Prevents Hair Fall
Ginger's goodness of minerals, fatty acids, vitamins, and minerals allows hair to flourish. It helps in strengthening the root and prevents hair loss. Ginger is rich in potassium, manganese, and vitamin b6 which provides your hair follicles with nourishment, making them stronger and preventing hair loss. Ginger also contains essential fatty acids like linoleic acid which helps prevent your hair from thinning.
Ways Of Reaping Benefits Of Ginger For Hair
As Infused Ginger Oil
Add dried ginger to cold-pressed coconut oil and let it infuse under the sun for 2-3 weeks. Strain the oil and use the oil to massage your scalp. You can use this twice a week before shampoo to keep dandruff under control.
As A Ginger Hair Mask
Mix ginger puree with cold-pressed jojoba oil and apply it all over your scalp and hair. Leave it on for at least 30 minutes before rinsing it off with a mild shampoo. Use this hair mask once a week until the condition improves.
In The Form Of Ginger Oil
Dilute the ginger essential oil with cold-pressed coconut oil and use it as a hair oil to soothe your scalp and control infections. It is always advisable not to use more than 1% concentration of essential oils in a concoction to avoid skin irritations and adverse effects.
As Ginger Roots Paste
This requires grinding the ginger root into a paste by peeling the outer covering and blending it with some water. Apply the paste onto the scalp. Rest it for 20 minutes by wrapping the hair with a shower cap or a towel. It will help to keep it moist. Wash hair with mild shampoo to get better results.
As Ginger Shampoo
Ginger shampoo or a cleanser is advisable for oil-free treatment. It removes dandruff from your hair, thus keeping the scalp oil-free.
Ginger Juice Treatment
This spice is packed with antiseptic and antifungal properties, and using ginger extract is very beneficial in getting rid of even the most stubborn dandruff. Ginger juice improves blood circulation and regulates the pH level. Ginger juice can be extracted by blending it and straining out the liquid with a muslin cloth. The juice can then be applied as a spot treatment for scaly patches and dandruff with the help of a cotton ball. You can also mix this juice with other potent ingredients like lemon juice to increase the efficiency of the treatment.
Ginger Hair Rinse
Combining ginger juice with various hair rinses such as rice water or apple cider vinegar can help control dandruff recurrence while retaining the natural shine and smoothness of the hair strands.
Ginger supplements are available in teas, capsules, and tablets. When taking ginger by mouth, follow all product instructions carefully and discontinue if any gastrointestinal side effects occur.
Below mentioned are a few of the ways for preparing ginger formulations at home :
Ginger Hair Growth Mask
You will need:
- A tablespoon of ginger powder
- A tablespoon of jojoba oil
- Mix the ingredients till they reach a uniform consistency to make a hair mask.
- Gently massage it into your hair and the scalp in circular motions.
- Leave it on for about 30 minutes.
- Rinse your hair using a mild shampoo. Condition your hair as usual.
Ginger Hair Mask for Dandruff
You will need:
- Two tablespoons of ginger powder
- Two tablespoons of olive oil
- 3-4 drops of peppermint essential oil
- A few drops of lemon
- Combine the ginger powder, peppermint essential oil, lemon juice, and olive oil together. Mix it to form a consistent paste.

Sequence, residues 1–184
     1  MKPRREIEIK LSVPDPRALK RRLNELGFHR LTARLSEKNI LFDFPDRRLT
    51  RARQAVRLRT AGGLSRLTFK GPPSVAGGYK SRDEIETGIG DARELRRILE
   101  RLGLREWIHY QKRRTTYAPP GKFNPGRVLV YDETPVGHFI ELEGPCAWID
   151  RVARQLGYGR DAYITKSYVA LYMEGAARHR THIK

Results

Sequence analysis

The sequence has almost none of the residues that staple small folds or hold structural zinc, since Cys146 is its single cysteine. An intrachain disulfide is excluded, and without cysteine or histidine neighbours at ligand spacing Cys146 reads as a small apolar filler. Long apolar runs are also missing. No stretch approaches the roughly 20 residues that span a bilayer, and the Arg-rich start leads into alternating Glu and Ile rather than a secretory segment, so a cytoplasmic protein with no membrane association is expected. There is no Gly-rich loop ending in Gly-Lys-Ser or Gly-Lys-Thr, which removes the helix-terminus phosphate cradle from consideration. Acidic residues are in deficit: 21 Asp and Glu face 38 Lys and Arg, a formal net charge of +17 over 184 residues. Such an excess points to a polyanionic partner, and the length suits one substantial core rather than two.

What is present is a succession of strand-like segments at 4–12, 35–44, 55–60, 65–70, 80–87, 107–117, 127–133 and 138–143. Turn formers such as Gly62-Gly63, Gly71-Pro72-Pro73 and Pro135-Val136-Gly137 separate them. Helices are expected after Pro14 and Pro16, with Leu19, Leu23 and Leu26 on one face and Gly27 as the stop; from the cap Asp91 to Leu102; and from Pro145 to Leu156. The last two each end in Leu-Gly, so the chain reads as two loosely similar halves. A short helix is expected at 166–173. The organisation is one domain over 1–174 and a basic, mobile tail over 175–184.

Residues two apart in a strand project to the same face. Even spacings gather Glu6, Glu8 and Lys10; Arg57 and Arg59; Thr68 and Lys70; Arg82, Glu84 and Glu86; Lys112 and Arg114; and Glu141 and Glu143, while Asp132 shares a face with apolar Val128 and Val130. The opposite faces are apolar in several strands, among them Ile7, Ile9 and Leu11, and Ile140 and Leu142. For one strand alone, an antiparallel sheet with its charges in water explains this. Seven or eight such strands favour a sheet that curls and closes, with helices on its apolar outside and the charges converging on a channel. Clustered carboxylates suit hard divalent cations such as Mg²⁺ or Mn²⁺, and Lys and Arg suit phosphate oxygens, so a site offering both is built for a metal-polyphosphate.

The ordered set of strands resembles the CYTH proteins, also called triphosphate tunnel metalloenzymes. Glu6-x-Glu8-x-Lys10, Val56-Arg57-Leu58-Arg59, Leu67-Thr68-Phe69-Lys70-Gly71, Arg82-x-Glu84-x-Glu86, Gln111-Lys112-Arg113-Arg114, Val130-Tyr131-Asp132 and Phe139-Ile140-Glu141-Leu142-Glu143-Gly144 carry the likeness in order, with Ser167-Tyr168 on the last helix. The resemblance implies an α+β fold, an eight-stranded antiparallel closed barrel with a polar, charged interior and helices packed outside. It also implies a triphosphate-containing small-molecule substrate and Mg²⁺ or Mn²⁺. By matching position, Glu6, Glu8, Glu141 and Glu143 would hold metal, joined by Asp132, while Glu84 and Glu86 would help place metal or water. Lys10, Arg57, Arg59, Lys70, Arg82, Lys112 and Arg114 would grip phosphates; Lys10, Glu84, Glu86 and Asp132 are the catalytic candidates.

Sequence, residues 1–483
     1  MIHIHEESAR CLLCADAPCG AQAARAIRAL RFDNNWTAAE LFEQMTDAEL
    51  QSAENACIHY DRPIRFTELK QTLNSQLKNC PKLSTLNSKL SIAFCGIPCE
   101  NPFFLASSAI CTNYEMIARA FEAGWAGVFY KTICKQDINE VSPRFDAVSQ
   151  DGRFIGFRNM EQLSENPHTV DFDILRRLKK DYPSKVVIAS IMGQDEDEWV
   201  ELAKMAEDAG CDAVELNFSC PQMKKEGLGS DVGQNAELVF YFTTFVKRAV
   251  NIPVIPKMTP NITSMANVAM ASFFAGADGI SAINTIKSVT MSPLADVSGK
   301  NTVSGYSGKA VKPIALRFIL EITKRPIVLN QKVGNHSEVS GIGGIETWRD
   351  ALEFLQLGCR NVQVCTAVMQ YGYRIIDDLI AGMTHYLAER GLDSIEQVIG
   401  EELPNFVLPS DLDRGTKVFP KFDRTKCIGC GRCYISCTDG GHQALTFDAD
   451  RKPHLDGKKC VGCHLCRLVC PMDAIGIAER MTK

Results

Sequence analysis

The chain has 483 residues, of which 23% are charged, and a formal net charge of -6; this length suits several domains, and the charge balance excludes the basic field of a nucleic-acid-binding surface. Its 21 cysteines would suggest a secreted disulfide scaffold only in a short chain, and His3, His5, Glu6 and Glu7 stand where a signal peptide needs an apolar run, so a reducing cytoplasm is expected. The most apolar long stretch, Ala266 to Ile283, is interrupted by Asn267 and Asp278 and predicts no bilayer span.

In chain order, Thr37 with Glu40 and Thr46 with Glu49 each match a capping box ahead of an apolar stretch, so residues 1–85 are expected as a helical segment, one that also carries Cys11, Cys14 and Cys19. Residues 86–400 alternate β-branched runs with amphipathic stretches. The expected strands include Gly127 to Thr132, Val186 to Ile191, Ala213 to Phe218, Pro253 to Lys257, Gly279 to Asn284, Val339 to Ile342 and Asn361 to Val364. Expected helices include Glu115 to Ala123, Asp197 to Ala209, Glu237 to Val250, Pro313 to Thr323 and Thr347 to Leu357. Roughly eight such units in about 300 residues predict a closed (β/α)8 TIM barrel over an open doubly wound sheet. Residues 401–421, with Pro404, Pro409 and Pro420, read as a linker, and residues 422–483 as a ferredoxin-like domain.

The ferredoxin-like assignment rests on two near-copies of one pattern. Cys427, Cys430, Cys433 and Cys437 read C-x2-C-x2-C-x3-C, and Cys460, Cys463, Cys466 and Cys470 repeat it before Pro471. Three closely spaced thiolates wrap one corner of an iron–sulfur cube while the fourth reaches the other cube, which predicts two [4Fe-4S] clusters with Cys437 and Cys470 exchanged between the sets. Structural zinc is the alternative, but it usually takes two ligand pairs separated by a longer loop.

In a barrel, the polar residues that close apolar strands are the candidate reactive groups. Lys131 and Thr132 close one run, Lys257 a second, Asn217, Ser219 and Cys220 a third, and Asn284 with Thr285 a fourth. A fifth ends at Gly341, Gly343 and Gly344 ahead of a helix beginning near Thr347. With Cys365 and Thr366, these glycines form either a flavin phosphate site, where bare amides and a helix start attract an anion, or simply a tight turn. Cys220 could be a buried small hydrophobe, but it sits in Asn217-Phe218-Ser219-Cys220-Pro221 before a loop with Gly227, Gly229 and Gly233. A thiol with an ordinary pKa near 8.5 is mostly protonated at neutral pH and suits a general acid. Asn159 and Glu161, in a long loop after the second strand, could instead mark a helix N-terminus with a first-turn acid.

- Gently massage it into your hair and wear a shower cap.
- Let the hair mask sit for about 15 to 25 minutes.
- Rinse the hair mask out of your hair and follow your usual hair routine.
Ginger Skin & Hair Tea
You will need:
- A tablespoon of ginger powder
- A tablespoon of fresh lemon juice
- A tablespoon of honey
- Two cups of water
- Put the water to heat and add the ginger powder to it. Let it boil for about 10 minutes.
- Allow the herbal tea to cool, and stir in the honey and the lemon juice.
- Drink the concoction for glowing skin and healthy hair.
Ginger is a versatile spice and its properties have wonderful benefits for overall health as well as for hair. Intake beyond the recommended dosage in daily diet can lead to several gut-related complaints, hence it is recommended to include ginger as a spice, only in moderation. However, to get the best results from such ingredients, one must understand the method that is most suitable for them, as knowing and understanding the condition of scalp and hair health is necessary. One needs to undergo a hair assessment so that a medical professional can prescribe an appropriate treatment plan for dealing with scalp and hair loss concerns. Check out Traya’s FREE hair test, which helps you with a detailed assessment and understanding of your hair loss and its root causes, so that you are recommended the treatment which is personalized so that it works more effectively on your concerns. Hair loss can be complex, hence identifying causative factors is useful for choosing the apt treatment.
Q1 - Is Ginger Good For Hair?
Ans - Ginger is useful for its antifungal properties in helping to prevent the recurrence of dandruff and to maintain scalp hygiene.
Q2 - How To Use Ginger For Hair Growth?
Ans - Ginger can be in various ways in which ginger can be used such as hair rinses, ginger hair oil, hair masks, ginger shampoos, ginger teas, etc.
Q3 - Can I Leave Ginger On My Hair Overnight?
Ans - It's best to wash off fresh ginger formulations from the scalp within 30 minutes to 1 hr and not recommended to leave overnight since it can cause irritation.